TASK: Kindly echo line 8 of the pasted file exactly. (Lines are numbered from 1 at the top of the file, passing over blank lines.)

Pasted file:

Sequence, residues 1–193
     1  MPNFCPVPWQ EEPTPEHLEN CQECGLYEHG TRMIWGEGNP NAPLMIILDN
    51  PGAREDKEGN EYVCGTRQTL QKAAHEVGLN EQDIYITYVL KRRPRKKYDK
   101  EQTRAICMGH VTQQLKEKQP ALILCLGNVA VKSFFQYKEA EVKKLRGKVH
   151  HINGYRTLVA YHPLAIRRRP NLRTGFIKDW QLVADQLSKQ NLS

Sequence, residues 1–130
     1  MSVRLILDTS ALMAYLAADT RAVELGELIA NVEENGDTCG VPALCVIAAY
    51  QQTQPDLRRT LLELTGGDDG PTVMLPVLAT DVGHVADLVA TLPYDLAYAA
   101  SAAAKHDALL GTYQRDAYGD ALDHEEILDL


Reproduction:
    51  QQTQPDLRRT LLELTGGDDG PTVMLPVLAT DVGHVADLVA TLPYDLAYAA